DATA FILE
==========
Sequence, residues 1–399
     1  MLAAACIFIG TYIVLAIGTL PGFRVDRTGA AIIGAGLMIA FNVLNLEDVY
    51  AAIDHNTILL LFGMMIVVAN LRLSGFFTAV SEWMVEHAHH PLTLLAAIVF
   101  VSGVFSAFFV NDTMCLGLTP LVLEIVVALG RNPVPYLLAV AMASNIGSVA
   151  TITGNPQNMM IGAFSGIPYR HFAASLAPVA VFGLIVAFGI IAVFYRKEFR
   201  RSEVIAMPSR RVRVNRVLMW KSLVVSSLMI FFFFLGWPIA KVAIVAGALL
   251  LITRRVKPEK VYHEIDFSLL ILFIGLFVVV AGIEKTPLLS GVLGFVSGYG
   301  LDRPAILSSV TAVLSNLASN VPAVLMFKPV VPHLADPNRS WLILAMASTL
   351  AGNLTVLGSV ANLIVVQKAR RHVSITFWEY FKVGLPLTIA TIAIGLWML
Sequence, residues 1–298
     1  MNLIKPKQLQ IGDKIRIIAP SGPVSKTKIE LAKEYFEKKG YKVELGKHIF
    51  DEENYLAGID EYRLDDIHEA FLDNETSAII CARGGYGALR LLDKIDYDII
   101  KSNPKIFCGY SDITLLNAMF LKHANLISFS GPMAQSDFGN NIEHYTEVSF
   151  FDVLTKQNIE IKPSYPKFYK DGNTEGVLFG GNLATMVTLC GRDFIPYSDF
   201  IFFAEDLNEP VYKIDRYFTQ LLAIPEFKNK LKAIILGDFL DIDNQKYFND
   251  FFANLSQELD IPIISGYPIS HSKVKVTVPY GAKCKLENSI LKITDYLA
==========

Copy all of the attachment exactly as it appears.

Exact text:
Sequence, residues 1–399
     1  MLAAACIFIG TYIVLAIGTL PGFRVDRTGA AIIGAGLMIA FNVLNLEDVY
    51  AAIDHNTILL LFGMMIVVAN LRLSGFFTAV SEWMVEHAHH PLTLLAAIVF
   101  VSGVFSAFFV NDTMCLGLTP LVLEIVVALG RNPVPYLLAV AMASNIGSVA
   151  TITGNPQNMM IGAFSGIPYR HFAASLAPVA VFGLIVAFGI IAVFYRKEFR
   201  RSEVIAMPSR RVRVNRVLMW KSLVVSSLMI FFFFLGWPIA KVAIVAGALL
   251  LITRRVKPEK VYHEIDFSLL ILFIGLFVVV AGIEKTPLLS GVLGFVSGYG
   301  LDRPAILSSV TAVLSNLASN VPAVLMFKPV VPHLADPNRS WLILAMASTL
   351  AGNLTVLGSV ANLIVVQKAR RHVSITFWEY FKVGLPLTIA TIAIGLWML
Sequence, residues 1–298
     1  MNLIKPKQLQ IGDKIRIIAP SGPVSKTKIE LAKEYFEKKG YKVELGKHIF
    51  DEENYLAGID EYRLDDIHEA FLDNETSAII CARGGYGALR LLDKIDYDII
   101  KSNPKIFCGY SDITLLNAMF LKHANLISFS GPMAQSDFGN NIEHYTEVSF
   151  FDVLTKQNIE IKPSYPKFYK DGNTEGVLFG GNLATMVTLC GRDFIPYSDF
   201  IFFAEDLNEP VYKIDRYFTQ LLAIPEFKNK LKAIILGDFL DIDNQKYFND
   251  FFANLSQELD IPIISGYPIS HSKVKVTVPY GAKCKLENSI LKITDYLA